Two months ago while setting first day rules I just drew traffic lights on one of the top corners of the board and explained  that if they didn’t turn on all the lights they would be able to choose an activity for the last five minutes. Crossing out a light meant turning it on. Luckily I bought red, orange and green markers to draw the lines.


They usually chose a music video on youtube to listen and watch. Sometimes they would even sing out loud. I expected them to choose games but they did so once in a while. If they made an effort to compensate for their noisiness I would erase the lines and let them engage in an extra activity. This works for a class, but not necessarily to have individuals behave better. Be careful not to encourage negativity towards a single student.

I have been using together with charts on the board for this purpose. I have their names on the wall and get points of different color according to their behavior. Green is positive, orange shows they are getting restless and red if they are discourteous. While my charts are very simple. you’ll find Teacher’s pet Wall chart conspicuous.

I have found  other ways to use traffic lights in the classroom. There are many creative and industrious teachers out there!

Classroom Noise Level Indicator – Traffic Light

Traffic lights assessment poster

Traffic lights by Wishing Flowers

Featured image: traffic lights


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Activity to practice ‘going to’

Practicing grammar to talk about the future didn’t seem very challenging for my Junior classes, especially because it was something that had already seen before in another cycle. They practiced the use of going to make predictions  based on evidence and to talk about plans.

Finding a wallet with cash in it on the street presents a moral dilemma.  I took out a wallet and claimed I found it on the street in the morning. My students discussed what I was going to do with it. First, I gave them an idea and they had to think of more.

I am going to take a picture of the wallet and put Lost wallet signs on the streets.

After dealing with the grammar introduction on the book and some activities I had them perform a group task:

1. Individually think  of an action you are going to do.Don’t say or write the action.

2. Think about the following questions:

  • What do I need to do it?
  • Where am I going to do it?
  • When am I going to do it?
  • How long is the task going to take?

3.Complete the diagram but keep your action secret


4. Partners have to ask information questions first. Example answers:

  • I am going to need my running shoes.
  • I am going to do it in the park.
  • I am going to do it next weekend in the morning.
  • It’s going to take 30 minutes.

5. After collecting the information they have to make Yes/No questions:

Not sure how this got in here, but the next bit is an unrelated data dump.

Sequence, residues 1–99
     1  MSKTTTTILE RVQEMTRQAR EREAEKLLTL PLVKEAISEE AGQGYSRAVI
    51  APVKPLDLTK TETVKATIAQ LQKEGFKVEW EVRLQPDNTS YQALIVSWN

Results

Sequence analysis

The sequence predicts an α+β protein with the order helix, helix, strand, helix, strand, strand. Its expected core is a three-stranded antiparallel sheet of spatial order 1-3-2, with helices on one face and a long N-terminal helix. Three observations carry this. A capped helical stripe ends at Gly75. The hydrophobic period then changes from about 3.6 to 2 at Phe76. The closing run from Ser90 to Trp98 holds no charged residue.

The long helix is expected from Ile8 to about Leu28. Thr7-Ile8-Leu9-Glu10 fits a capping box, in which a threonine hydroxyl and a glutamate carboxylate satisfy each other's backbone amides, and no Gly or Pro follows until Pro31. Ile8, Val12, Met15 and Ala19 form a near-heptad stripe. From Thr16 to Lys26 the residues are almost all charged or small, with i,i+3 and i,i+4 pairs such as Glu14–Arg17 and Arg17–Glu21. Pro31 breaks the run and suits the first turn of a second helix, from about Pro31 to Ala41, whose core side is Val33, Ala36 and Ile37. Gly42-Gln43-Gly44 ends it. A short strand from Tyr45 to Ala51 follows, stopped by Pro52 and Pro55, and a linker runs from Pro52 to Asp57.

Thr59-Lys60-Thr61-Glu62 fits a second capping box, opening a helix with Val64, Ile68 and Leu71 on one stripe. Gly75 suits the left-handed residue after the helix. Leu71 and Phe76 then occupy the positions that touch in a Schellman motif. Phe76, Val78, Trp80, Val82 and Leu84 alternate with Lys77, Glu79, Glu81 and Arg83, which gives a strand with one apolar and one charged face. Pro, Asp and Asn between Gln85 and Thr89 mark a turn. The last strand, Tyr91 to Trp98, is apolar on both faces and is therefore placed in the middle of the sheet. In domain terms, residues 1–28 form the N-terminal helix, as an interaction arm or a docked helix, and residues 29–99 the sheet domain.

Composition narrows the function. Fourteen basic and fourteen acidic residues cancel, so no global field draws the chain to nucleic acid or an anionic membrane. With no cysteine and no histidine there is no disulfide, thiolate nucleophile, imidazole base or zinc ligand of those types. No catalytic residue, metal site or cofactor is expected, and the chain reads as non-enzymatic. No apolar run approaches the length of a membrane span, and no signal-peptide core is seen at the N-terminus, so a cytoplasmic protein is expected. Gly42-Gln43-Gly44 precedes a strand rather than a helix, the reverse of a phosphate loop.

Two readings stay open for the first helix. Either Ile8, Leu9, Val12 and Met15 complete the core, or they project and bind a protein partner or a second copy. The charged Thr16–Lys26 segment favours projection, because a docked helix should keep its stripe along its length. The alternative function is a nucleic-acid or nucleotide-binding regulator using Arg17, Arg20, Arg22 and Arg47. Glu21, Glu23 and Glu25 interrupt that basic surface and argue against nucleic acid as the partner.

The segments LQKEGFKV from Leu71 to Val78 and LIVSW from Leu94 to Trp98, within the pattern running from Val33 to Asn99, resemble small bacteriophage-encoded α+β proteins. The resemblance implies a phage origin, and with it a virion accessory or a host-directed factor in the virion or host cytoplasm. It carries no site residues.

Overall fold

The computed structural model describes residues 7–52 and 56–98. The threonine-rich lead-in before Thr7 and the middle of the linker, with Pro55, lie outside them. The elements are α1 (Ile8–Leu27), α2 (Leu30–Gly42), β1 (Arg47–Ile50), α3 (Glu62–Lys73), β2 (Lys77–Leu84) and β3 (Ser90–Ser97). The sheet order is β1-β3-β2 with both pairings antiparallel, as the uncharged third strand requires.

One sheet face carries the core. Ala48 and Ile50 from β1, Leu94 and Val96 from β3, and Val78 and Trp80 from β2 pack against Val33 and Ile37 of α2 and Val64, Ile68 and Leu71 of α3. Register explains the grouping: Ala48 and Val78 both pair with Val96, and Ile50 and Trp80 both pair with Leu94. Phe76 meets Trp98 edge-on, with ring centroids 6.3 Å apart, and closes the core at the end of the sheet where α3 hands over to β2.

Are you going to :

  • go for a walk ┌( ̄ー ̄)┘  ?
  • run ┌(;・_・)┘  ?
  • take your dog for a walk  U・ェ・U ?
  • play soccer    ┌(;・_・)┘ ))●?
  • They tried to guess with my example but they could’t. The answer was do Tai-Chi! They complained that that is only for elderly people. They don’t have to mention all the elements they need so it’s more difficult to guess.

I showed them parts of this video to clarify Tai chi isn’t only to exercise: Tai chi techniques application

*Other activities I included:

1)Flashcards of actions on the walls. SS walk around and discuss what is going to happen next.

2)Videos: Stop the video before an action takes places. SS predict what is going to happen Look for videos with unexpected outcomes.

3)Prediction: Show a crystal ball.

Discuss topics for predictions.

Give out strips of paper. SS write a prediction for someone in the class. Show examples of predictions.Mix strips and have ss take one. Make sure they don’t get theirs again. SS read them and tell their partner whether they liked their prediction or not and if they think it’s likely to happen.

Once I used paper fortune cookies.

Paper fortune cookies tutorial





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Art -why do we have to talk about it?

Art is everywhere. It can be anything or everything, something or nothing for some. Art is also a topic in many books we have to deal with. It can become thrilling or dull depending on how we present it to the class. I recall sharing experiences with colleagues and we thought the artists and pieces of art introduced in the unit weren’t very motivating for people who don’t adore art. By the time, you read this you must think there DO exist ways to stimulate your students. The aim today is only to show you some findings that will interest you and your students as well. In addition, I am sharing a simple lesson plan for a Speaking lesson. I hope you find it useful.


Interesting ad image by brewbooks retrieved from Flickr licensed underdescarga

Guido Daniele-  Handimals

CC image courtesy of Sébastien Barré on Flickr

Another Flexible Paper Sculpture by Li Hongbo  (at Klein Sun Gallery, NYC) #lihongbo All paper, stretching.  by Sébastien Barré on Flickr licensed under creative_commons_license_logo

Li Hongbo video

“Storker metro”. Licensed under CC BY-SA 2.0 via Wikipedia –

Clear Tape art by Mark Jenkins 

AIM: students will be able to talk about art by using descriptive adjectives and by expressing their opinion on pieces of art.

Level: Upper Basic,Intermediate /Contents: Art / Skills: Speaking/ Interaction patterns: pairs,groups

Teaching aids: realis- handicrafts, pictures, drawings (made by the teacher), pictures, video, questions worksheet

I)ANTICIPATORY SET: students some drawings and handicrafts you have made (don’t make them perfect!). Have sstudents looks at them, touch them. In pairs discuss which they like.

Honeycomb technique – DIY tutorial

2.Ask students : In your opinion, can my artwork be presented in a museum? Why (not)?

provide some input:



List of Descriptive Words to Critique Art